Protein misfolding and formation of cross-beta structured amyloid fibrils are linked to, many neurodegenerative disorders. Although recently developed,quantitative approaches have started to reveal the molecular nature of self-assembly and fibril formation of proteins and peptides, it is yet unclear how these self-organization events are precisely modulated by microenvironmental factors, which are known to strongly affect the macroscopic aggregation properties. Here, we characterize the explicit effect of ionic strength on the microscopic aggregation rates of amyloid beta peptide (A beta 40) self-association, implicated in Alzheimer's disease. We found that physiological ionic strength accelerates A beta 40 aggregation kinetics by promoting surface-catalyzed secondary nucleation reactions. This promoted catalytic effect can be assigned to shielding of electrostatic repulsion between Monomers on the fibril surface or between the fibril surface itself and monomeric peptides. Furthermore, we observe the formation of two different beta-structured states with =similar but distinct spectroscopic features, which can be assigned to an off-pathway immature state (F-beta*) and a mature stable State (F-beta), where salt favors formation of the F-beta fibril morphology. Addition of salt to preformed F-beta* accelerates transition to F-beta, underlining the dynamic nature of A beta 40 fibrils in solution. On the basis of,these results we suggest a model where salt decreases the free-energy barrier for A beta 40 folding to the F-beta state, favoring the buildup of the mature fibril morphology while omitting competing, energetically less favorable structural states.

  • 3.
    Danielsson, J
    et al.
    Stockholm University, Faculty of Science, Department of Biochemistry and Biophysics.
    Andersson, A
    Stockholm University, Faculty of Science, Department of Biochemistry and Biophysics.
    Jarvet, J
    Stockholm University, Faculty of Science, Department of Biochemistry and Biophysics.
    Gräslund, A
    Stockholm University, Faculty of Science, Department of Biochemistry and Biophysics.
    15N relaxation study of the amyloid beta-peptide structural propensities and persistence length.2006In: Magn Reson Chem, ISSN 0749-1581, Vol. 44, no S1, p. S114-21Article in journal (Refereed)
    Abstract [en]

    The dynamics of monomeric Alzheimer A(1-40) in aqueous solution was studied using heteronuclear NMR experiments. 15N NMR relaxation rates of amide groups report on the dynamics in the peptide chain and make it possible to estimate structural propensities from temperature-dependent relaxation data and chemical shifts change analysis. The persistence length of the polypeptide chain was determined using a model in which the influence of neighboring residue relaxation is assumed to decay exponentially as a function of distance. The persistence length of the A(1-40) monomer was found to decrease from eight to three residues when temperature was increased from 3 to 18 °C. At 3 °C the peptide shows structural propensities that correlate well with the suggested secondary structure regions of the peptide to be present in the fibrils, and with the -helical structure in membrane-mimicking systems. Our data leads to a structural model for the monomeric soluble -peptide with six different regions of secondary structure propensities. The peptide has two regions with -strand propensity (residues 16-24 and 31-40), two regions with high PII-helix propensity (residues 1-4 and 11-15) and two unstructured regions with higher mobility (residues 5-10 and 25-30) connecting the structural elements. Copyright © 2006 John Wiley & Sons, Ltd.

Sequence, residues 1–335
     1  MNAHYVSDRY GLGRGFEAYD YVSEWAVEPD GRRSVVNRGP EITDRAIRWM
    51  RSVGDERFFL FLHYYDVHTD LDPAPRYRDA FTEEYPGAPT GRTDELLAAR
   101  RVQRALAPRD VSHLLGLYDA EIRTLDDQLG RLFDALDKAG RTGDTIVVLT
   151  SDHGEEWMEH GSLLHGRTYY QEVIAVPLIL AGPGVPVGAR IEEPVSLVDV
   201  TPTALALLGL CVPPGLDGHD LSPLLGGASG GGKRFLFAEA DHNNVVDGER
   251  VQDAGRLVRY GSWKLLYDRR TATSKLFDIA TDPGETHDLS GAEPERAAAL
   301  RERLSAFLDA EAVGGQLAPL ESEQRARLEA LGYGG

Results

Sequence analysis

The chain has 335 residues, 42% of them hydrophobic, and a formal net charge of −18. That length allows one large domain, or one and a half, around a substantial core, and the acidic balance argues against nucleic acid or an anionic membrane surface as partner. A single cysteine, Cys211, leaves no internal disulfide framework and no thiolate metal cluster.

• 4. Dong, Xiaolin
    et al.
    Svantesson, Teodor
    Stockholm University, Faculty of Science, Department of Biochemistry and Biophysics.
    Sholts, Sabrina B.
    Wallin, Cecilia
    Stockholm University, Faculty of Science, Department of Biochemistry and Biophysics.
    Jarvet, Jüri
    Stockholm University, Faculty of Science, Department of Biochemistry and Biophysics. The National Institute of Chemical Physics and Biophysics, Estonia.
    Gräslund, Astrid
    Stockholm University, Faculty of Science, Department of Biochemistry and Biophysics.
    Wärmländer, Sebastian K. T. S.
    Stockholm University, Faculty of Science, Department of Biochemistry and Biophysics.
    Copper ions induce dityrosine-linked dimers in human but not in murine islet amyloid polypeptide (IAPP/amylin)2019In: Biochemical and Biophysical Research Communications - BBRC, ISSN 0006-291X, E-ISSN 1090-2104, Vol. 510, no 4, p. 520-524Article in journal (Refereed)